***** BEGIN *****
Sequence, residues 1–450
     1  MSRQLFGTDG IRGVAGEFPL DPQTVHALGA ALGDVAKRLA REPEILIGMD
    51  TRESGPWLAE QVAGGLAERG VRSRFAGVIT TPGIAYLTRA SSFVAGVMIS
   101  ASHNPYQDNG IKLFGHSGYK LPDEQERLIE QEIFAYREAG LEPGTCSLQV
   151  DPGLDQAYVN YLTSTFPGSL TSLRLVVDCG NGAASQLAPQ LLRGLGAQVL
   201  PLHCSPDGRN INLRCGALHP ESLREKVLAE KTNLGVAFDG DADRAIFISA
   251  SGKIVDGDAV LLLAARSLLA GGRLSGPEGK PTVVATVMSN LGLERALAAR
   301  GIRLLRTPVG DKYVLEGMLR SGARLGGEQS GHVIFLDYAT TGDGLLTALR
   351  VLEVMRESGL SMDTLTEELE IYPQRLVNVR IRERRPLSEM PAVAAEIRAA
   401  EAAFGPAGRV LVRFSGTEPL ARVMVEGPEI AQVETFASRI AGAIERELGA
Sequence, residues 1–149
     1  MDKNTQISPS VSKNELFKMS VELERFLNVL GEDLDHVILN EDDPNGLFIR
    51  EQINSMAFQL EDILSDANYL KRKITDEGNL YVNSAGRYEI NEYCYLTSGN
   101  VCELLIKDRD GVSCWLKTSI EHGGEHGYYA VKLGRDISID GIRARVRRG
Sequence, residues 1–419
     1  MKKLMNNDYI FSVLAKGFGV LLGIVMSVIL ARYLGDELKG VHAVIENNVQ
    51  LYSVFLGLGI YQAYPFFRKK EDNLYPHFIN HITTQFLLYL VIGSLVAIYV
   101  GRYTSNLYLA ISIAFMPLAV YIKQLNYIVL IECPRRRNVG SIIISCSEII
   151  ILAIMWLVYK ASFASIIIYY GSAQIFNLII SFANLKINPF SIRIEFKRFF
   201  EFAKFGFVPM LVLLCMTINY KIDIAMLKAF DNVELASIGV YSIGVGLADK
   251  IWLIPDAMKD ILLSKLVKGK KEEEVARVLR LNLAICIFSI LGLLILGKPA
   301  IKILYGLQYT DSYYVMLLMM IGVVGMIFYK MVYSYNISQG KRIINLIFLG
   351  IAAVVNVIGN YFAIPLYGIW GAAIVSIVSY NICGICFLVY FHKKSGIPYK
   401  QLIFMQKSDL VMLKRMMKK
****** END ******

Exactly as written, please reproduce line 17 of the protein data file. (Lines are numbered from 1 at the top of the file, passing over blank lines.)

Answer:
    51  LYSVFLGLGI YQAYPFFRKK EDNLYPHFIN HITTQFLLYL VIGSLVAIYV